Latasha was dead set on making a bargain with our captors. She didn’t reveal many of the details, wouldn’t or couldn’t, but we decided to go along for now – ‘we’ here being Ruddy, because Goldie and the brown-haired girl voluntarily abstained from the discussion, but didn’t seem to be against it either. Me? I was just nodding my head whenever they addressed me. Simply put, Latasha’s idea was to wait for this apparent ‘Lord’ to come and invite her for negotiation, through which she would somehow make him agree to our release. In other words, her plan was for us to sit and wait, then wait some more while she did all the work. Since I could do anything but that, why not?
We waited, and waited, with the churning of my stomach growing worse by the minute. Once in a while, someone would come by and check on them. Fortunately, they never did anything more than stealing looks. There was one prudent enough to walk right up to their wagon, but he too merely gave Latasha an ogling. He went away laughing after Latasha made what I assumed was a rude gesture with her hand. The fabled Lord? He never came. Mumbles of doubt began to sound from Ruddy’s mouth, doubt that I too shared.
“Just wait. You’ll see,” Latasha responded to those doubts. Her voice was lacking the poise she had a while ago.
“Latasha, it’s been hours. I don’t think that man is even awake.”
The raven-haired woman made a long sigh but didn’t say anything in reply. She made a distant gaze into the darkness of the forest.
“Latasha?” Ruddy tried.
“Um, you know, about what I said…”
“Yeah, yeah, I follow your point.”
Ruddy waited for an elaboration. After a minute of silence, she asked again, “Um, what now?”
“Oh thee, I don’t know, do magic and break out?” Latasha responded sarcastically.
“Ca– can you?”
“Would I still be here if I could? Please, stop talking so I could think.”
Ruddy did not fall silent and fell into another verbal quarrel with Latasha.
The ‘plan’, quote unquote, was a bust, no question about it. It didn’t seem like they could come up with a new one anytime soon. It was time for me to act. My first thought was Nexy, but considering the connection it had with the Dark God, I decided to leave it alone. Then I remembered Latasha saying something that piqued my interest.
‘Do magic,’ she said. ‘Magic’. There were many things I’ve noticed were dissimilar in this world compared to the one ‘down below.’ The people were one thing, the sunlit sky was another. Those were the obvious changes but it wouldn’t be far-fetched to think there were other differences in a subtler scale, like say, the mechanics of magic. Perhaps one tiny variation to the rules to make it possible for me. Was it too hopeful to expect that?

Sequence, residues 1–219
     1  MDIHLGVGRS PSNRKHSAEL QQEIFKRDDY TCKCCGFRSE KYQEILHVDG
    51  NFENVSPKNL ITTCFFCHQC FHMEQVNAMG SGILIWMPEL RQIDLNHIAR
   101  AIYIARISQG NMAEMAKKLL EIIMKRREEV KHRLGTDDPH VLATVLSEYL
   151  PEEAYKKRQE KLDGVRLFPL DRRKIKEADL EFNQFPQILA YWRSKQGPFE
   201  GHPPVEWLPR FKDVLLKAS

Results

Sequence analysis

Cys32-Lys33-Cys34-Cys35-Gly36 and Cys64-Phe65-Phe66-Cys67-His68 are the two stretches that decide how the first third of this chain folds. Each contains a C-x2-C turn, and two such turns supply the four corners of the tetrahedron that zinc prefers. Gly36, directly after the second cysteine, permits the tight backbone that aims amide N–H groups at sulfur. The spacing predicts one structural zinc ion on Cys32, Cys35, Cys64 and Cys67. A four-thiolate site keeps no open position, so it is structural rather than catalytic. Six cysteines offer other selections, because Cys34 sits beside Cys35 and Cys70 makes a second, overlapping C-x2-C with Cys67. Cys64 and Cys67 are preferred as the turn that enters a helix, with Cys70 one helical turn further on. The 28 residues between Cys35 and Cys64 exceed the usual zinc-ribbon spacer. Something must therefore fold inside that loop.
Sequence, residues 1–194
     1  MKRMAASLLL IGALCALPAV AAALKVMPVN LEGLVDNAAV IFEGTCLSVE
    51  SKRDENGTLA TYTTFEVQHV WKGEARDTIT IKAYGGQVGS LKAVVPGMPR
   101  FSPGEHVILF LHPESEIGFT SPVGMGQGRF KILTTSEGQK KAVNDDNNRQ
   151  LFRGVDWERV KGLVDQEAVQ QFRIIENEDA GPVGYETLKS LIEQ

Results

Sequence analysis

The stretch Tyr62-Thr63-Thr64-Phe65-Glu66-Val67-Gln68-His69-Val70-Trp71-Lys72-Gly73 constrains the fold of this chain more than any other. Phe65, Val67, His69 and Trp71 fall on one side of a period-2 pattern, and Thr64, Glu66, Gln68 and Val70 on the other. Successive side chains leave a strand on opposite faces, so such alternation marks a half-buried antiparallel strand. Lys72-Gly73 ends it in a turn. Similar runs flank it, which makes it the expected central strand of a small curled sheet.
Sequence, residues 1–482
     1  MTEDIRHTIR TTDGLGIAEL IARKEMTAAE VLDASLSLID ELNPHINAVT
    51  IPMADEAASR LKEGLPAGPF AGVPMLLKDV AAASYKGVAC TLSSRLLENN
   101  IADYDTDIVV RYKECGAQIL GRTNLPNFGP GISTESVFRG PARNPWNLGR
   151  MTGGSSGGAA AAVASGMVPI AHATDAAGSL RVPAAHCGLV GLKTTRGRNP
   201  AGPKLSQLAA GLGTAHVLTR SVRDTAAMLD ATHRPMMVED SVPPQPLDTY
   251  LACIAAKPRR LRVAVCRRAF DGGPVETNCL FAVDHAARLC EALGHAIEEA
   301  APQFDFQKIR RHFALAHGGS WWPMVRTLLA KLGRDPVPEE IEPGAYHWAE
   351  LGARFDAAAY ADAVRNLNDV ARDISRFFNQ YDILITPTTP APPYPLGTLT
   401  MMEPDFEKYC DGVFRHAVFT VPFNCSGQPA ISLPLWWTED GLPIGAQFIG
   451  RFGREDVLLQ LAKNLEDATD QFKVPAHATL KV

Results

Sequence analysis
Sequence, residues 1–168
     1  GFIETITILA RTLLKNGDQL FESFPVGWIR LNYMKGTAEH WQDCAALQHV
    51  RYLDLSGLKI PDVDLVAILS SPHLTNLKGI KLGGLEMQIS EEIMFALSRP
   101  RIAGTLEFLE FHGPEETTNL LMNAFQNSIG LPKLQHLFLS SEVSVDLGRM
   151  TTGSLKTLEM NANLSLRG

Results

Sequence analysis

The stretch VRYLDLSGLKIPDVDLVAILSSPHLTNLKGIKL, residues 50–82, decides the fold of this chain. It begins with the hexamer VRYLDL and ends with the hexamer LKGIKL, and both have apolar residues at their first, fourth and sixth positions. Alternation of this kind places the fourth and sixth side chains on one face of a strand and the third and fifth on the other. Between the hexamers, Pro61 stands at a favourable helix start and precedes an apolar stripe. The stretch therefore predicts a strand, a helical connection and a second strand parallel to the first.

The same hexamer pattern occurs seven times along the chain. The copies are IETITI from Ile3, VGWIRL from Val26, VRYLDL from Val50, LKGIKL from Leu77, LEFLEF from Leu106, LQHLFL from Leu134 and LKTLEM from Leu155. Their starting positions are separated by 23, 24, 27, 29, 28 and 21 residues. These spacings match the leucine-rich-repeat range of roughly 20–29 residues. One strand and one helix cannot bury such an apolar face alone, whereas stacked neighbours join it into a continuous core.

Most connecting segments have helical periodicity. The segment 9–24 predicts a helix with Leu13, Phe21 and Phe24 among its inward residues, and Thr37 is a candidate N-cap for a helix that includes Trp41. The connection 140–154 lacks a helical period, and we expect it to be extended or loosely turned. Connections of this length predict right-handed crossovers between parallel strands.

Nevertheless, it was worth a try. Linking with the aether was a matter of muscle memory, less about recollection than it was about reliving it. I closed my eyes, covered my ears with my palms, and tried my best to shut the girls’ hushed whispers out. I focused on my own breathing, at how my body moved as the air flowed in and out.
Usually I had to maintain that meditation before I could get into the state. Therefore, I was honestly, and pleasantly surprised when the ‘tether’ appeared in my senses, not even a minute after I started. It was like an invisible ‘string’ stretching long, connected to a web in a place beyond my perception. The web conjoined and disjoined into more strings, each of them attached to something in our world.
Now that I’d made the connection, I should be able to input ‘commands’ through the tethers. First, however, I had to figure out what kind of ‘command’ I needed to break out of the cage. Option one: break the metal lock. Option two: break the hinges. Both possibilities involved the handling of brute force on the cage’s strongest points. ‘You’d sooner pry those bars off’, was what Latasha said when she saw my playing with the lock, and she had a point. Why aim for the metal when there was a viable, weaker link? That left me with option three.
The bars of the cage were widely-spaced enough that removing just one would allow me to fit my body through. I grabbed one of them and tried pulling on it hard, noting that there was barely any movement. By reaching a hand out and feeling around the top, I knew they were fixed onto the cage by a single screw or spike each on the top and the bottom. The boards were thick, and the nail would have to penetrate all the way through them and into the bars, one or two fingers’ width deep.
While the cage itself seemed newly built, the wood they used weren’t as pristine as the construction. There was barely any movement on the bars when I yanked, yes, but there was still a wobble, especially around the edges where the nails fixed them onto the roofing and flooring. My best conclusion was that the wood had decayed around those parts and I only needed to speed up the process.
I knew the theory and grasped the method, and all I had to do was the make the actual command. The problem was, I didn’t know how. ‘Alignment of the will and the subconscious’, or so the mantra went. Even now, I could derive only nonsense from those words.